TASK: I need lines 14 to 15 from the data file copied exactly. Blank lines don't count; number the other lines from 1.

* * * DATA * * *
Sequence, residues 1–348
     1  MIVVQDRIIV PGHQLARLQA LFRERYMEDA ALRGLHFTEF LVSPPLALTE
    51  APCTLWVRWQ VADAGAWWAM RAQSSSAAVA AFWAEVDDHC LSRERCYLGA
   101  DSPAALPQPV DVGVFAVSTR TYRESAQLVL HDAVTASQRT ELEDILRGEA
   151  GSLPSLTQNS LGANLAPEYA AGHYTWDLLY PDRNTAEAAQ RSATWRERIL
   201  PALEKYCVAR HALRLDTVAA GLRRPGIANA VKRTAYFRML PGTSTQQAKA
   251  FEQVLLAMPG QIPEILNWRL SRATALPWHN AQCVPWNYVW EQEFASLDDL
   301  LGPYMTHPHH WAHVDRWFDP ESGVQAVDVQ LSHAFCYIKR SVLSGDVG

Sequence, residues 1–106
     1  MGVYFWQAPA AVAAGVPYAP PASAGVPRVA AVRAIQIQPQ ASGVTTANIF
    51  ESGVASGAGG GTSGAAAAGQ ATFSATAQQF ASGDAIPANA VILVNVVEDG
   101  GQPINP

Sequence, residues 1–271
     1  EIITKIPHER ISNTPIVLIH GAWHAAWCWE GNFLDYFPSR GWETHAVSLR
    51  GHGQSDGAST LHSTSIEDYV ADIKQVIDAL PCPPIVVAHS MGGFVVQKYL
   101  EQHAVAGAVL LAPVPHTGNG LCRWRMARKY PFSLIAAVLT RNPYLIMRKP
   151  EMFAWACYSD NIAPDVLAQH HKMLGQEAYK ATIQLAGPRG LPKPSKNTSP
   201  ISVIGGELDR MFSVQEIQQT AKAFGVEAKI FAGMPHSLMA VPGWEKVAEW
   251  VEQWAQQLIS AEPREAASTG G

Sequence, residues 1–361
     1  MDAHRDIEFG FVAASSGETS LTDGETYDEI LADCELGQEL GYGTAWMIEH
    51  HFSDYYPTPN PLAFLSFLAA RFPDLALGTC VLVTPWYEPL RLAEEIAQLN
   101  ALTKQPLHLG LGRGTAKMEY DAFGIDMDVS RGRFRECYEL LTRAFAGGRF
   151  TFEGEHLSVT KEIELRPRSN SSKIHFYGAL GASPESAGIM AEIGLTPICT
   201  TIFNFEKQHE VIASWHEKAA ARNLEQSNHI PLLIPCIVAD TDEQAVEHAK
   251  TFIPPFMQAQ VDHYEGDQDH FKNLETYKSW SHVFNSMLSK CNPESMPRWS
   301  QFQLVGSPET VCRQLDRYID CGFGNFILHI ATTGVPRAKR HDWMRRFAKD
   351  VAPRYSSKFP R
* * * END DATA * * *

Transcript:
     1  EIITKIPHER ISNTPIVLIH GAWHAAWCWE GNFLDYFPSR GWETHAVSLR
    51  GHGQSDGAST LHSTSIEDYV ADIKQVIDAL PCPPIVVAHS MGGFVVQKYL